Pour into lined muffin tins, almost filling each cup. Bake at 350 for about 20 minutes until just done. Makes about 2 dozen muffins.

Feed them to a baby so hungry, she’s prepared to eat her own foot. Save some for yourself.

Dude, I should blog more.

December 31, 2012

I just got my 2012 year in review and it basically tells me that I haven’t blogged since my 2011 year in review.  My dude is at least partially responsible for those fireworks on your email thingy, so he  got to be amused to see what would happen when a person had exactly one post.  January 1.  1 firework blast.  And there was much rejoicing.

It seems like most of the people that find me by search terms are looking for information on Tibial Plateau fractures.   I had one on January 25, 2009.  It’s an easy date to remember because it’s about 12 hours after this happened:

 

 

 

 

 

 

 

 

 

 

 

It looked like this a few days after surgery:

It looked like this a few days after surgery.

 

 

 

 

 

 

 

 

 

 

 

 

About 2 years later I had the 6 screws and the plate taken out. It looked like this (I particularly like the “yes” which means “Yes. Please cut open this leg. Again.)
For the TPF curious: It was very painful after repair and didn’t feel like my own leg again for the two years between the addition and subtraction of metal bits. When the metal bits came out it stopped feeling like there was a car bumper in there and I mostly don’t notice it any more. It hurts if the weather changes or if I try to kneel on it, or hit it with the car door. Otherwise, aces.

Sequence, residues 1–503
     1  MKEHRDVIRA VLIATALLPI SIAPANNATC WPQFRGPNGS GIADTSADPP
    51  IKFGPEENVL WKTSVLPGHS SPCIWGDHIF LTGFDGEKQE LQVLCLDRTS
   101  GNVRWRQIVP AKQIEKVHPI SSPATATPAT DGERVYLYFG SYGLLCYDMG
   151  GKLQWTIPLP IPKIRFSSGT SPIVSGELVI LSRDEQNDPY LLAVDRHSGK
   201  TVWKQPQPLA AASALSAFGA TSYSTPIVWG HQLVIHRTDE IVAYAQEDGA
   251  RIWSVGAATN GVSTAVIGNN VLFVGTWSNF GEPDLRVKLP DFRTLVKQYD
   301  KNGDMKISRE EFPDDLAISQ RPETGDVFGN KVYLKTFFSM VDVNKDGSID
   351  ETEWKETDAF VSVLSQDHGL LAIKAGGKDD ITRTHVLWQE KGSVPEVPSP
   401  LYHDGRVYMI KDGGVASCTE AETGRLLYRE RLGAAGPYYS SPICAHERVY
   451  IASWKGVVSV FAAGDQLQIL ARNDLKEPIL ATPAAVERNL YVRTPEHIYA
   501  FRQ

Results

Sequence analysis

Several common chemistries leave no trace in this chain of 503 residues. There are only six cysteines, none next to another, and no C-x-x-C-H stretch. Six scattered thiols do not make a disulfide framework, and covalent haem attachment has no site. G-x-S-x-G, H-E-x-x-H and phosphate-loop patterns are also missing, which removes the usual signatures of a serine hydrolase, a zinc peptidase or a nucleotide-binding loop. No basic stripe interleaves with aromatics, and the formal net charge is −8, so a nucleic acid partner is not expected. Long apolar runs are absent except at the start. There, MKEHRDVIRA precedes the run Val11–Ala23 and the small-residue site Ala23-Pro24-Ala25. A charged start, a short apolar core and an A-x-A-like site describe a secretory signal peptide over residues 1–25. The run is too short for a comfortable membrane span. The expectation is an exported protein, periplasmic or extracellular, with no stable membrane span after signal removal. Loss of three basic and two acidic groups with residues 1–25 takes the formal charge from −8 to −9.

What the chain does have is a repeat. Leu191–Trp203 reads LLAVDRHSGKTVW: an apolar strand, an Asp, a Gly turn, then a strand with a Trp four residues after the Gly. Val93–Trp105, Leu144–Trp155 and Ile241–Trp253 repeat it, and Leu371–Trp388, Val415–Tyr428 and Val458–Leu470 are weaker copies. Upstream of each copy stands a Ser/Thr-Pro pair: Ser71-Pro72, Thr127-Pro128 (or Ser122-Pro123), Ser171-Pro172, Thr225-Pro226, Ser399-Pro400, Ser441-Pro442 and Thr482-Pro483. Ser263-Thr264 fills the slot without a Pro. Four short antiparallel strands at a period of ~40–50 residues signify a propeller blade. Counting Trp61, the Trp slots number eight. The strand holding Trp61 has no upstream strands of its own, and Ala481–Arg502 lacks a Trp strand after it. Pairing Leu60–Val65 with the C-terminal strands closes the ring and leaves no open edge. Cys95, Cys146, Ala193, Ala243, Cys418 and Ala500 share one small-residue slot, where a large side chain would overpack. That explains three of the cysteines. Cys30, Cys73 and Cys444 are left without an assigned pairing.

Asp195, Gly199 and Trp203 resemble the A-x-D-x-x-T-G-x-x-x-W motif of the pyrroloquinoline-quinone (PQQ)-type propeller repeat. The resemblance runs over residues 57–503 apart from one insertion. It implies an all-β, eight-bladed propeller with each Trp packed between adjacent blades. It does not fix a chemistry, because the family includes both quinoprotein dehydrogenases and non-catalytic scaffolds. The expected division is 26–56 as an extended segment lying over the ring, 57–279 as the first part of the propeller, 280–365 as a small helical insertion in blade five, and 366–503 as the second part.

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In other news, I have two awesome kids.

 

 

 

 

 

 

 

 

 

My dog is Bean, because she has pintos over her eyes.

 

 

 

 

 

 

 

 

 

 

 

I have a very nice husband too. This is part of his face.

 

 

 

 

 

 

 

 

Happy new year. This is my favorite shoe.

 

 

 

Our Daughter

March 5, 2010

Working title: Georgia Marie Skelton

Lentil Moussaka

January 10, 2010

We’ve decided to stay up in Vermont for the winter. I know! I know! Most people fly south for the winter.  After spending 29 of my 30 years in Texas, however, I decided an actual winter was in order.  So I wake up to this every morning:

This is where Andy spends most of his winter days.

Of course, the dude can work any where he likes. I on the other hand am continuing my unemployment trend in pursuit of another life long goal.  This gives me ample time to cook and blog.  Hopefully this will end the 6 month or so long blog dry spell.  I’ve been cooking all this time, but also teaching 8th grade, so there’s been very little time to actually write about it.

The weather seems to make me want nothing but soft, warm comfort food. When I was recently asked to bring some sort of hearty vegetable dish to a family gathering, the only thought that would come into my head was Moussaka.  I love all things Greek. I love eggplant. I love feta cheese.  I certainly love béchamel.  The only thing I don’t love is the current lack of Zoe-friendly meat in my freezer.  We’re pretty much on vegetarian rations right now.  That’s fine, actually.  I do love the challenge of filling us up without the ease of using meat.